Sunday, 3 January 2016

Film Review: Repulsion

Fig 1: Film Poster

Repulsion is a 1965 psychological horror film directed by Roman Polanksi. It tells the story of Carole, a manicurist who, after being left alone by her holidaying sister, experiences horrific and violent visions of rape as her sanity begins to slip, mostly due to her fear or disgust of intimacy of men. Soon Carole kills Colin, a man who is infatuated with her, after he breaks in to talk to her, Carole then kills the landlord who tries to be intimate with her, and goes into a catatonic state. When her sister returns she finds the bodies and her sisters hidden under the bed. Once Carole is taken away, the audience is shown a childhood photo covered in shadows, all that can be seen is a young girl, implied by the landlord to be Carole, glaring at an old man, who is half hidden by the shadows.

The symbolism of Carole’s ever decreasing sanity throughout the film is portrayed through the set design. The first sign of Carole’s sanity deteriorating is when she mentions there is a crack in the wall which must be fixed, to which her sister seems unknowing about the crack, this creates the first link between cracks and Carole’s sanity, as only she can see the cracks. Nearer the beginning of the film the splits and cracks throughout the walls are thin and seem repairable, but as the film progresses the deterioration of her flat and her mind increases. Thin splits have become giant chasms in the walls, and the large cracks have become irreparable.

Fig 2: Cracking u
Now that the hard shell of Carole’s mind and her walls, the organic insides are now on show, as now on the brink of insanity she places her hand on the seemingly thick plastered wall, and leaves a handprint in the fleshy wall. The walls again are shown to be made of organic flesh again as when she leans against the wall and a hand suddenly explodes from the wall, attempting to grab her. The final time the walls are shown to be made out of soft tissue is when Carole is walking down the hallway, and several grabbing hands again explode from each wall, trying to reach for her, her sanity now truly destroyed.

Fig 3: Corridor of hands
This fleshy material for the walls with hands protruding out to reach for Carole could be seen as a symbol of forceful intimacy, as Carole by this point has had two real men forcibly make their way to her in an attempt for intimacy, and several fantasy men have broken through doors and appear out of thin air for extreme intimacy. Peter Bradshaw (2013) said that “The nightmare she creates for herself is one of the most disturbing things I have ever seen in the cinema: the way scenes will end with bizarre hallucinations and jolts; the "assault" scene played out to the amplified ticking clock” explaining that Carole is now creating these paranoid nightmares of assault which are rather disturbing, as each imaginary man assaults Carole there is no sound or score during these scenes only a ticking clock, presenting the idea that Carole’s mind is deteriorating more and more, while Carole is helpless to do anything, not even scream for help.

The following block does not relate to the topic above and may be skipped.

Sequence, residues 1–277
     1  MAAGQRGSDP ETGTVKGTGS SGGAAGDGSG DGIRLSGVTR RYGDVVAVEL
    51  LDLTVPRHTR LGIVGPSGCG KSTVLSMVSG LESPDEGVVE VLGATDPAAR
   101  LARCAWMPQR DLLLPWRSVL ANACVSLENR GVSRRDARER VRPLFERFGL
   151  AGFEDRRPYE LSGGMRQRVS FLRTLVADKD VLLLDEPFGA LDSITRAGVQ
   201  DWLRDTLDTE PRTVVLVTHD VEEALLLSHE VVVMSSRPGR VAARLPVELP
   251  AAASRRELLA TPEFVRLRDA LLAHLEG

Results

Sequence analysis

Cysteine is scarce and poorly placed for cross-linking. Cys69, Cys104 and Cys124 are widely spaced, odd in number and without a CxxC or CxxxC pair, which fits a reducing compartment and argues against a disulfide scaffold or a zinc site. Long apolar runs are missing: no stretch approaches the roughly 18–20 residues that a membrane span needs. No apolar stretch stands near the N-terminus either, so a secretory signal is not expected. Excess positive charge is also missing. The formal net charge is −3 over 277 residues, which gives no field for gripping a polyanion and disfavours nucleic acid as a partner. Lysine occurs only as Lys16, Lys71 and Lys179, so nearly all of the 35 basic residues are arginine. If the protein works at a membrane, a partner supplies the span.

Fig 4: Wall hands grabbing and groping Carole
The sizing of rooms is another key feature in the set design, which again symbolises her sanity and her grasp on reality is slipping away. Several times throughout the film small rooms within the flat expand into large, near empty rooms with only the furniture spread about. This morphing of room size and placement of items symbolises her lack of grip on reality, and also amplifies her feelings of loneliness and vulnerability, as she is left small and alone, dwarfed by her own flat, and this idea of the scenery reflecting Carole’s mind is mentioned by Elaine Macintyre (2014) “as Carol's mind disintegrates, the seedy, run down, claustrophobic apartment becomes the site of gothic horror, the castle, the dungeon, the lonely shack in the woods. The terrible place. But of course the terrible place isn't the flat at all. It's Carol's mind.”

The nightmares that occur throughout the film become more and more of a reality for Carole, as her nightmares no longer occur in her bedroom with men assaulting her each and every night, but have become the very foundations and structures of her apartment, as Bosley Crowther ( 1965) says, the “small cracks in the walls of the apartment flow into crunching indicators of the heroine's crumbling mind. Distortions in the rooms of the apartment tacitly reveal her mental state. Phantom arms that punch through the walls and seize her visualize her nightmare insanity.” presenting the idea that Carole, due to her mental state, is now truly living a nightmare of crumbling walls and assault from fantasy men and the walls themselves.

1. Peter Bradshaw, The Guardian, 2013,

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